Years ago, mostly as a bad joke, I challenged myself to write a Proper Becket; that is, a duple minor dance where proper groups of four Becketizied (yes, I verbed that). The initial configuration would be
Same color and same number pairs are partners, so you’re on the side of the set with your partner. But in both lines, the men are closer to the band. Extra couple listed to facilitate discussion of progression if needed.
I’ve had a few false starts over the years, but I think today’s may be the closest to danceable that I’ve come up with, so without further ado:
Proper Becket by Luke Donforth
(2) With same gender travel buddy: All zig to the right
(4) Zag to the left past a new couple
(2) Zig to the right to face new new couple
(4) Left Hand Star 1/2 way
Along lines with opposite gender
(2) pull by Left
(2) with next pull by right
(16) Partner Balance and Swing
(8) Circle Left 3 places
Top Couple step between bottom couple to make a line of four facing down
(6) Down the hall four in line
(2) Middle two turn as couple, End people step down hall to a new line of four
(8) Up the hall four in line, bend the ends
(8) Circle RIGHT 3 places
End effects: When you read the top or bottom on the zag, you cross over and immediately come back in facing the other way. You’ll end up pulling past your travel buddy to reach your partner. If you reach the end on a zig (when there was a couple out), allemande travel buddy 1x by L and pull by your travel buddy and one more person (grand L&R around the oval) to find your partner.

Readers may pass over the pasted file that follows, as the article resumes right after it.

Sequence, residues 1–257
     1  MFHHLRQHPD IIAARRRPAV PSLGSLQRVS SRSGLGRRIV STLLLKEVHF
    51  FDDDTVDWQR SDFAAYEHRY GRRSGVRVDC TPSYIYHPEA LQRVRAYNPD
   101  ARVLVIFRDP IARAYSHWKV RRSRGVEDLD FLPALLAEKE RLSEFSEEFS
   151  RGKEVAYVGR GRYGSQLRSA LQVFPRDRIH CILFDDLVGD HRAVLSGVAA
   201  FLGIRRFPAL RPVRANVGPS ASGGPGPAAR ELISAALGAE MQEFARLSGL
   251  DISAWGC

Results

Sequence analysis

The hope is that deliberately breaking the down the hall and back over a phrase will help cement the non-standard transition.
While I initially thought of this formation as a bad joke, it’s stuck with me because often members of the same gender don’t get much interaction with each other. I liked the idea of letting you travel with someone you don’t usually for a while.
The name refers to distracting myself with dance choreography while on the way to a job interview, to prevent obsessing about the upcoming interview.
A wiser caller than I once rhetorically asked “If you do contra corners at weekly dances, what’s left for festivals?” I’m not saying this is a good answer, but it’s an answer.